He’s a recipient of the Society’s Hamilton King Award and was inducted into the Dutch Society of Illustrators Hall of Fame. While in New York he taught at the School of Visual Arts including the Masters Program and has lectured and conducted workshops throughout the US, Korea and Japan. Moving away from illustration to focus on his paintings he has received wide acclaim for his work.

Please make your contribution today. And you can support Braldt in other ways as well, there are a wonderful collection of giclee prints for sale.

Charles Hively
Founder, 3x3

Illustration by Braldt Bralds for the St Louis Zoo

Friday, March 23, 2018

Meet Our Judges: 3x3 Student Show

We always like to have an art director on our jury for the 3x3 Student Show. We’ve already introduced art director Francesco Izzo, now let’s introduce the rest of our panel.

Jill Calder has always loved drawing but was unsure what to pursue in art school. Having had a good foundation course in her hometown of Dundee, Scotland moving to England to do a general art course in Cumbria then was accepted into Edinburgh College of Art for a honors degree in design where she specialized in illustration and animation followed by a post graduate degree in illustration from the Glasgow School of Art. After frequent trips to London to meet face-to-face with art directors and designers she began her twenty-five year career as an illustrator and calligrapher.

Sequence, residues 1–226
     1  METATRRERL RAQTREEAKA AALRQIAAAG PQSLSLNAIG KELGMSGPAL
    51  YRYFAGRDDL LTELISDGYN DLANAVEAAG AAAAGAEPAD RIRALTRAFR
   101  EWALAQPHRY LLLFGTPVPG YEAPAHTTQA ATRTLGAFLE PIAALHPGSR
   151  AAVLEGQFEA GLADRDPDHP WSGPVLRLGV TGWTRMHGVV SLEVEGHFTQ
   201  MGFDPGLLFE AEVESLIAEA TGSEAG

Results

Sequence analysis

Asked about something she loves she replies, “New sheets of Fabriano hot pressed paper and playing around with some inks with both favorite brushes and some handmade tools too. I love seeing what happens.” Walking into her studio you’ll notice her two dogs and lots of Seawhite of Brighton softcover sketchbooks—she buys twenty at a time.

Her two agents keep her busy with clients that have included Visa, The New Yorker, Bloomsbury, Walker Books, Radio Flyer, The British Museum, Allstate, Mass Mutual, The Guardian, Harvard Business Review, Siemens, The Scottish Government, National Museum of Scotland, the World Health Organisation and ELLE Netherlands. Her

Her second non-fiction picture book for children, The Picture Atlas–An Incredible Journey, written by Simon Holland for Bloomsbury UK was published in September 2017 and has been shortlisted for the Edward Stanford Children’s Travel Book of the Year 2018. Alongside developing her own picture books as author/illustrator, she’s currently working on my third children’s book due out in 2019.

A frequent speaker she’s sharing her work and ideas at ICON9 Illustration Conference, The Edinburgh International Book Festival, Apple Store London, The Macworld Conference, Conde Nast NYC, D&AD Newblood and at a number of other educational establishments. She now runs her own illustration and drawing workshops for adults on the island of Iona off the west coast of Scotland and was artist-in-residence for English Schools Foundation in Hong Kong where she works with 14-18 year old students.